Shule: (noun) school

Education for Better Living (EBLI) holds programs for secondary schools in five regions of Mwanza. The programs seek to educate the students on sexual and reproductive health, human rights, and respecting both themselves and others. In order to evaluate this aspect of EBLI, Nuri has to visit each school and interview most if not all of the students involved. Today we went to Igogo Secondary School.


I love going to the schools, it’s such a neat experience. It’s been great getting to see areas of the Mwanza region that we haven’t been to yet, I feel like I fall in love with Mwanza all over again every time we go somewhere new. Rose and Gertrude, the two lovely EBLI staff members who work with the school programs and help Nuri interview the students, are the sweetest ladies ever and love to chat with us. We’ve talked with them about our schooling, our futures, marriage, pregnancies and labour (it should be noted that Gertrude is seven months pregnant with twins), Swahili, and everything in between. They love to laugh and are so easy to talk to. Interacting with the students is difficult, Nuri and I are novelties to them and the closest we’ve gotten to any true interaction with them is last Friday when one of the students said they wanted to shake our hands, so we had to walk around the whole room shaking outstretched hands and listening to their giggles as we chirped “asante” over and over. Nonetheless, I love seeing the students in action. I love listening to them answer Nuri’s questions (in Swahili, I can usually only pick out select words and then wait for Rose to translate), I love watching them interact with their fellow classmates, and I love being in the school setting. Teachers are eager and proud, and students are eager and giggly.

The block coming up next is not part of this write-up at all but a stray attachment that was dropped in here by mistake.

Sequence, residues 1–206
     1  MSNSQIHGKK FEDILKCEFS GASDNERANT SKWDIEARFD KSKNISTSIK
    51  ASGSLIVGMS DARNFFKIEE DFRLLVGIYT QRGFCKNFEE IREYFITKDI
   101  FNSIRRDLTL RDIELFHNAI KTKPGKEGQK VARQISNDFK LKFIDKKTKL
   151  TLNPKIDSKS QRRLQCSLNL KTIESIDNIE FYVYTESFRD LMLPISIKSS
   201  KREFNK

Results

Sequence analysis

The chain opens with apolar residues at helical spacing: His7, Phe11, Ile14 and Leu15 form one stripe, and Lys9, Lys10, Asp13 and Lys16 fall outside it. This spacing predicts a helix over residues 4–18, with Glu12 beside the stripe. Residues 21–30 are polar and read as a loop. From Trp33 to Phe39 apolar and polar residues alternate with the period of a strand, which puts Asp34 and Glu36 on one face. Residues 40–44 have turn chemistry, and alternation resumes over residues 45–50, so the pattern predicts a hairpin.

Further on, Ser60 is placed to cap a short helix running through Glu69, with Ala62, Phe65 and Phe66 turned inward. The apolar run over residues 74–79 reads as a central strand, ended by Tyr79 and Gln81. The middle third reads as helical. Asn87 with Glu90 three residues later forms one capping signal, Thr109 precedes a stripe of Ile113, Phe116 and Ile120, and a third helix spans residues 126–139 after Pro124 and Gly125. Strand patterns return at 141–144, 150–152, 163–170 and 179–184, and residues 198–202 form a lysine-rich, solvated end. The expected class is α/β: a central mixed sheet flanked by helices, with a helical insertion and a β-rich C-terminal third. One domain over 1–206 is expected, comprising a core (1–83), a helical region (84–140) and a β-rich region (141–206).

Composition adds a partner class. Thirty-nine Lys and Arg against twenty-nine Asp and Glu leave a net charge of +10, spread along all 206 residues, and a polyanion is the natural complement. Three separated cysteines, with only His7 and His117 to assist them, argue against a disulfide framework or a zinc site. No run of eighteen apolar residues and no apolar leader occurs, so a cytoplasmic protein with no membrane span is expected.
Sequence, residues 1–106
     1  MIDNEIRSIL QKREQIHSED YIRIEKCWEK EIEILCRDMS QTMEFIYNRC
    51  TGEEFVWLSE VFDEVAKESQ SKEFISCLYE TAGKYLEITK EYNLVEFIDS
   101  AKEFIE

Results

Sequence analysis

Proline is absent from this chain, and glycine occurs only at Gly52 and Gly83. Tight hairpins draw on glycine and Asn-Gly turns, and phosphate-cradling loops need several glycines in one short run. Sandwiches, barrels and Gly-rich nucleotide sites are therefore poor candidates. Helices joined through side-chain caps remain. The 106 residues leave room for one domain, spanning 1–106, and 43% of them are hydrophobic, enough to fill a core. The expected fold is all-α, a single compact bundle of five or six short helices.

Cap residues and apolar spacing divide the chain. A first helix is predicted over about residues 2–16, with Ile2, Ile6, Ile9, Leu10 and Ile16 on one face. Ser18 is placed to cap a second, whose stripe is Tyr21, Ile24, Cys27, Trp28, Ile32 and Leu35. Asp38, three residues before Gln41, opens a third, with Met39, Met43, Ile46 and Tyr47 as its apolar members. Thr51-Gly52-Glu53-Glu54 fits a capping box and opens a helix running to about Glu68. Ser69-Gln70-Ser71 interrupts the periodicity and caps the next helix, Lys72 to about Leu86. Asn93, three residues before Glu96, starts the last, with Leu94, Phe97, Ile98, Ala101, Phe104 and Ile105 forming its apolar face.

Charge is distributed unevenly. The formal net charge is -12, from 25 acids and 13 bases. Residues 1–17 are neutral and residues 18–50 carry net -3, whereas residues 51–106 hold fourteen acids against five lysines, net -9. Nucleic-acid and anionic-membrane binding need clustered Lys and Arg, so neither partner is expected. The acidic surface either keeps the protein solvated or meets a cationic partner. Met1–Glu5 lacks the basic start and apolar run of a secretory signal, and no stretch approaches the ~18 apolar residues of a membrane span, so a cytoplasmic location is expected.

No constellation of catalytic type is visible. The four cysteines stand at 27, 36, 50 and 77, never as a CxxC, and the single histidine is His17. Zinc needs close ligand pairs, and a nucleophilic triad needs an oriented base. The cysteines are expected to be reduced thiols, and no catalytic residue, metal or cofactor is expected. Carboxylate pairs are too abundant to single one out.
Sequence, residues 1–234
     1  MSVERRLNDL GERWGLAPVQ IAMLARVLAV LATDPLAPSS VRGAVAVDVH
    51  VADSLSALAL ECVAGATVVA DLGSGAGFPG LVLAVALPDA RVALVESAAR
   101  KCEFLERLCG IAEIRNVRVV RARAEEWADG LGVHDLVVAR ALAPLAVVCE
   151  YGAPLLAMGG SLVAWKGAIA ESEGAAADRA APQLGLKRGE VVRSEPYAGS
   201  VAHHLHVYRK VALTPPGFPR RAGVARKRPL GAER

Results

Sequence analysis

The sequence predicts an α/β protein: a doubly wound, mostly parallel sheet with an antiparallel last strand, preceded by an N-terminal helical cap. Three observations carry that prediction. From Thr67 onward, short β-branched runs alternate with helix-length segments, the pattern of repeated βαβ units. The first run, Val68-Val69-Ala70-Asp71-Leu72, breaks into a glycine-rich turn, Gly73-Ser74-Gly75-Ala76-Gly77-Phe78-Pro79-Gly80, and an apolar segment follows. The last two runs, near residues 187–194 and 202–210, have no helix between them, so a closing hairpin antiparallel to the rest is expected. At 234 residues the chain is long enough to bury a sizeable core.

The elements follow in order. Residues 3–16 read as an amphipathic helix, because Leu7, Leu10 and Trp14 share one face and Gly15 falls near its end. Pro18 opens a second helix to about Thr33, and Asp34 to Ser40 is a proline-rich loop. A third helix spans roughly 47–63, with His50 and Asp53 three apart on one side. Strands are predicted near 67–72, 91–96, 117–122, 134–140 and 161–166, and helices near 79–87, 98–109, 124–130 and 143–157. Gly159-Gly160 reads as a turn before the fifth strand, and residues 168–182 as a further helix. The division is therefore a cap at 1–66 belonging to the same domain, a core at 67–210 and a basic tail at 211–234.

I was woken up at 5:30 this morning by a really loud horn. I think, at least. My half-asleep brain registered it as a horn of some sort. Regardless, I couldn’t fall back asleep so I skipped breakfast to wallow in my tiredness for a bit longer before concluding that I wasn’t going to get anymore sleep and got up. Checking my phone, I saw that Nuri had texted me; Rose said we were going to another school today, and she would meet us at Agha Khan Hospital in town so we could all catch the dala dala together. Since interviews for MikonoYetu have been put on hold until Maimuna and I can sort out another way forward with a new interviewer and I’m still a little unsure of what the task list for the upcoming event is, my schedule is pretty flexible. Off we went to meet Rose and Gertrude.